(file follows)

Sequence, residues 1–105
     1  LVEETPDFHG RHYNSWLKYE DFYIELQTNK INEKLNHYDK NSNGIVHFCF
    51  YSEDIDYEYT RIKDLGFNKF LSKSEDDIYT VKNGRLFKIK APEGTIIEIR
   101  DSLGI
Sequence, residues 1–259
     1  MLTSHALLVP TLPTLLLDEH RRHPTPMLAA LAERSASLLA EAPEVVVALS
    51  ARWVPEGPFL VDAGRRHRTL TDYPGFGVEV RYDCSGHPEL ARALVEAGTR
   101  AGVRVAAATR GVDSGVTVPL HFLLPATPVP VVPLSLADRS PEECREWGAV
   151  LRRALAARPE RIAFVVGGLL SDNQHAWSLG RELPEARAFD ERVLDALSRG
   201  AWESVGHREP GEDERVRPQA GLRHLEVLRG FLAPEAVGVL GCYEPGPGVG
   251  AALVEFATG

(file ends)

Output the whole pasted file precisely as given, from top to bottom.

Sequence, residues 1–105
     1  LVEETPDFHG RHYNSWLKYE DFYIELQTNK INEKLNHYDK NSNGIVHFCF
    51  YSEDIDYEYT RIKDLGFNKF LSKSEDDIYT VKNGRLFKIK APEGTIIEIR
   101  DSLGI
Sequence, residues 1–259
     1  MLTSHALLVP TLPTLLLDEH RRHPTPMLAA LAERSASLLA EAPEVVVALS
    51  ARWVPEGPFL VDAGRRHRTL TDYPGFGVEV RYDCSGHPEL ARALVEAGTR
   101  AGVRVAAATR GVDSGVTVPL HFLLPATPVP VVPLSLADRS PEECREWGAV
   151  LRRALAARPE RIAFVVGGLL SDNQHAWSLG RELPEARAFD ERVLDALSRG
   201  AWESVGHREP GEDERVRPQA GLRHLEVLRG FLAPEAVGVL GCYEPGPGVG
   251  AALVEFATG